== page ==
Speaking to analysts on a call, Chairman, President and CEO Steven Nichols said, “We didn’t pass the test with flying colors. Our grades are a bit mixed and it appears we have more work to do.”
The firm plans to reduce selling, general and administrative expenses by $30 million to $25 million in 2012.
“Expenses in total will be viciously attacked,” said Nichols, adding, “We absolutely have too much [inventory] and we will begin liquidating it, and that will have absolute negative impact on our margins.”
Inventories, consisting mostly of excess running product, were up 70 percent to $93.7 million year over year, but they should be in the range of $50 million, management admitted.
Sterne Agee analyst Sam Poser said he believes “inventory will be haunting for some time to come. K-Swiss will remain challenged to gain the necessary shelf space. We do not share management’s optimism as to the future success of its new initiatives.”
Initiatives to drive top line growth next year also include launching three versions of the Clean Classic shoe with price points between $50 and $70.
“The variations of the Clean Classic will be the number one focus going forward. And those would be for deliveries starting in June of 2012. And we will have a variety of products, some that will go to the volume channel, some that will be restricted to more upscale retailers. So, it will be probably the biggest launch we’ve ever had,” said Nichols.
Pointing to other brands that have relaunched their classic styles, like Adidas, he added, “We [are returning] to our heritage and not entering an area where companies have been ahead of us for many years. This shoe is so clearly a K-Swiss shoe [so] we’re making the bet that it will not require the large expenditure that Tubes and Blades took to convince people we’re doing something new.”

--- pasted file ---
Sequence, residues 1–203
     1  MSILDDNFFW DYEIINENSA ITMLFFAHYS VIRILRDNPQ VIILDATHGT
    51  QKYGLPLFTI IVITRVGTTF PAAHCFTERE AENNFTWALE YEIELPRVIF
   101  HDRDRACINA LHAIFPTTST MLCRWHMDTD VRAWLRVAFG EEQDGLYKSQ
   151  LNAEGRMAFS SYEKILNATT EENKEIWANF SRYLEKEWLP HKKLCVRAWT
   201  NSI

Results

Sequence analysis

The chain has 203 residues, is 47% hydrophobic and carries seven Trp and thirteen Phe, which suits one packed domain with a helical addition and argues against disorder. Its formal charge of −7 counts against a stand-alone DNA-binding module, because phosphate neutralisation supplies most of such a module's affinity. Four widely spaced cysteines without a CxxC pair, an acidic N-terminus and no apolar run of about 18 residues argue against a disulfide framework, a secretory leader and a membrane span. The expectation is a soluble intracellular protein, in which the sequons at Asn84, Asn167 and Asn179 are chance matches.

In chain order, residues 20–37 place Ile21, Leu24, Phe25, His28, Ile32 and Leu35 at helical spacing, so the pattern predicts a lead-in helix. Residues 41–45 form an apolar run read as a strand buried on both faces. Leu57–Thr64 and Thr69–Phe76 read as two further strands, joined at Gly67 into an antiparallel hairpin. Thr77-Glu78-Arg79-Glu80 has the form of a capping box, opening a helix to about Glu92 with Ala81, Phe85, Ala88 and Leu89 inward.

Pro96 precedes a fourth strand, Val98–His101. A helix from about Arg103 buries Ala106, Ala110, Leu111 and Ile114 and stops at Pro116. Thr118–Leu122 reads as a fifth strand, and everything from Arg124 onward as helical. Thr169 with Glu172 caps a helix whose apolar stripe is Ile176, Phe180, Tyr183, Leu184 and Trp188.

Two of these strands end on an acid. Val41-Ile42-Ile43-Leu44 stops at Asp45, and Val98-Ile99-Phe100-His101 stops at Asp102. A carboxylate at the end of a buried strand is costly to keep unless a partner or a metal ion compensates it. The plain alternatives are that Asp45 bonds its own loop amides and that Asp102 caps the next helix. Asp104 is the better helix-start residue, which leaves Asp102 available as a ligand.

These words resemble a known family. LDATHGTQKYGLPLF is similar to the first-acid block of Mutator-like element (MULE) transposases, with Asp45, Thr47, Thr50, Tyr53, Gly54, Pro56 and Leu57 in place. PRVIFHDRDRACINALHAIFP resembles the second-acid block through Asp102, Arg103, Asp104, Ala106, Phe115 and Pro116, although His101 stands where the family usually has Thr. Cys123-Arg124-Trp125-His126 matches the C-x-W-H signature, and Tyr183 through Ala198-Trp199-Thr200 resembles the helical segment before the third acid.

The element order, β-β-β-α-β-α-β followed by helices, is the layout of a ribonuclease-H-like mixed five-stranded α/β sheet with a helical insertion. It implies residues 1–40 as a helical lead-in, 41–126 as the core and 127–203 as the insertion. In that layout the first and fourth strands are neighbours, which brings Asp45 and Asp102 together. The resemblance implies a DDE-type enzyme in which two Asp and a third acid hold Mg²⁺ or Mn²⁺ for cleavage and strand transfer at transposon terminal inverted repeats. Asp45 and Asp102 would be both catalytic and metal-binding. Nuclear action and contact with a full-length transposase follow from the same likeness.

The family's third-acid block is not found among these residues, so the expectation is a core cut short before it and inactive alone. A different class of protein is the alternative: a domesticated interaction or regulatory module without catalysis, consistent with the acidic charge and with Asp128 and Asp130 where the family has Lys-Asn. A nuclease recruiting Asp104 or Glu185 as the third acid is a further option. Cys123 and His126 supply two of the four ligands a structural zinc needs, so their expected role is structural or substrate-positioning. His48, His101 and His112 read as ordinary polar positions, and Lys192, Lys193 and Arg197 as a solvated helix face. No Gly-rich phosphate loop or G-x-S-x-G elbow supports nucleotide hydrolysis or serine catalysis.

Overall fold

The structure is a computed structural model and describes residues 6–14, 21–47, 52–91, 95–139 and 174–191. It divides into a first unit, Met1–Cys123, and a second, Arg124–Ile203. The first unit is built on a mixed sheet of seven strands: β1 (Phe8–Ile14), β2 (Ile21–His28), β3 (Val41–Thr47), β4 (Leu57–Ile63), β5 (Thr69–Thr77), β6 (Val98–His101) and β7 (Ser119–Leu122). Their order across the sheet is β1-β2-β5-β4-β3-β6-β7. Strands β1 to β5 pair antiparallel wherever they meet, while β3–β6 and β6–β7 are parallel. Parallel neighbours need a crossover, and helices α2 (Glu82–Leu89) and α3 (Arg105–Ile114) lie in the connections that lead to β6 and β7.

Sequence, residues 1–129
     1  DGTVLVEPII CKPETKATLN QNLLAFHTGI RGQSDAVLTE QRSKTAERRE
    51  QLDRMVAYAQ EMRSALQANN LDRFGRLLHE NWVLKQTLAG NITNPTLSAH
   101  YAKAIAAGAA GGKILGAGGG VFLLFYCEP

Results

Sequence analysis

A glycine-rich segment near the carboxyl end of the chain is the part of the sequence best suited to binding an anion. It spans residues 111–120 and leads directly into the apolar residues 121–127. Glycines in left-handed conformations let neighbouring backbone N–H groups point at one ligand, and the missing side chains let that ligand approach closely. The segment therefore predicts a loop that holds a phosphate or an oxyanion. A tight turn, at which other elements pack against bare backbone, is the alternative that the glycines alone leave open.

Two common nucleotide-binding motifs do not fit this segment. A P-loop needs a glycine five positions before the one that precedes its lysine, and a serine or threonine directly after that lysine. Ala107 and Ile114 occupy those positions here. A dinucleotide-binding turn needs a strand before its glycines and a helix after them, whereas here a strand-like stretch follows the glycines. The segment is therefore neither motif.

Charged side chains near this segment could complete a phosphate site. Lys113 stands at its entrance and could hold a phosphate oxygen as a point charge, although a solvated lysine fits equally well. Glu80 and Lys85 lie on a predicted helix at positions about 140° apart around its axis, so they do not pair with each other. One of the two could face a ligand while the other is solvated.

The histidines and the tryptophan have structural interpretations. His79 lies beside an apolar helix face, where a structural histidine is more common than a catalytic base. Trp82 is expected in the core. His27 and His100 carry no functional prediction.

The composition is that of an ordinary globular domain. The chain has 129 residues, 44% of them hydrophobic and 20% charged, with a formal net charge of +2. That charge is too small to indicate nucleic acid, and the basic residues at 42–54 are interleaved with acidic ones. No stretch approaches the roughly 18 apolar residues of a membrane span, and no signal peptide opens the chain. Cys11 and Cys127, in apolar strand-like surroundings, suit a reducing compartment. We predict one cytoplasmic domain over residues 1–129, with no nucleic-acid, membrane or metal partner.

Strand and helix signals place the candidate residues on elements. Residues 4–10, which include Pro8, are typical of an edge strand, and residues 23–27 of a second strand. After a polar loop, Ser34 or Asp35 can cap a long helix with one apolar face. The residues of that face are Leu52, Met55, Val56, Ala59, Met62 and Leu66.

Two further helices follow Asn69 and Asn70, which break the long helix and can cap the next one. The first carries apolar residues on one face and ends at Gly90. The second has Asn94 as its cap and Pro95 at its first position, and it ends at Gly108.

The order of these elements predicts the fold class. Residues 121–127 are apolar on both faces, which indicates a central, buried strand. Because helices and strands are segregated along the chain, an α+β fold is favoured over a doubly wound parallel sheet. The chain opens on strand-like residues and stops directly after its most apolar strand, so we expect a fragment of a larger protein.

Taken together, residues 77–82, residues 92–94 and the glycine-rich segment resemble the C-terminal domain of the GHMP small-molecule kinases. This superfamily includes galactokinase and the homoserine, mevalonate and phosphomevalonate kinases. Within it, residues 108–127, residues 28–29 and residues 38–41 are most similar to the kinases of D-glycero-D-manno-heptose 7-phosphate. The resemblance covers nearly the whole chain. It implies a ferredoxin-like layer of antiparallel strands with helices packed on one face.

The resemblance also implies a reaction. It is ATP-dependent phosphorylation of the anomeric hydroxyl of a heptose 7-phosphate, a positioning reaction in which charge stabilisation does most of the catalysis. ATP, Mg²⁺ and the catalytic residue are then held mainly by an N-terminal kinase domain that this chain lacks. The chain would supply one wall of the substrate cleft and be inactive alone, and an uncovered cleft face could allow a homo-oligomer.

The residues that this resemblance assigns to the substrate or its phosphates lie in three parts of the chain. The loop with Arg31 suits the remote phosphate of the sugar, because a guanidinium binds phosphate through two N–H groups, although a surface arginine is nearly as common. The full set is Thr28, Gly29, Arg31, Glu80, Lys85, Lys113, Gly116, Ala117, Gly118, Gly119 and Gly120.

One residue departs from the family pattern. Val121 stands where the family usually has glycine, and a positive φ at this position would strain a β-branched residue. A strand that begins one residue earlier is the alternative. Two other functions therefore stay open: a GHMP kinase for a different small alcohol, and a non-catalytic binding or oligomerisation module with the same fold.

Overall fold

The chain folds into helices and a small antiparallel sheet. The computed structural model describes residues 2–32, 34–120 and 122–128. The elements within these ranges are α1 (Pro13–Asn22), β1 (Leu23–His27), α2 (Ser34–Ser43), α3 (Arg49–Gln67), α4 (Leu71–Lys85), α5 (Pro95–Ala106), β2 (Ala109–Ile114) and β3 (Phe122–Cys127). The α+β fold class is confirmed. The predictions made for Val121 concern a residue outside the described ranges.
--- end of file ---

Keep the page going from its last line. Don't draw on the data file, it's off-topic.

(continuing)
K-Swiss narrowed its loss in the third quarter, but still fell short of expectations, sending its share price down 30 percent in trading Thursday.
Net loss totaled $15.4 million, or 43 cents a share, compared with a loss of $28.3 million, or 80 cents, in the same period a year ago. Total revenue grew 31 percent to $80.5 million, from $61.5 million a year ago.
Domestic revenues increased 21 percent to $32.7 million, but domestic futures slid 24 percent.
International was a bright spot, with revenues advancing 39 percent to $47.8 million, and futures orders upping 11 percent.
The company expects full-year revenues to be approximately $260 million, which would represent a 20 percent increase from 2010 levels, but needs to get up to about $300 million in 2012 to break even, said Powlick.
K-Swiss ended the quarter with $37.4 million in cash and cash equivalents and no significant long-term debt.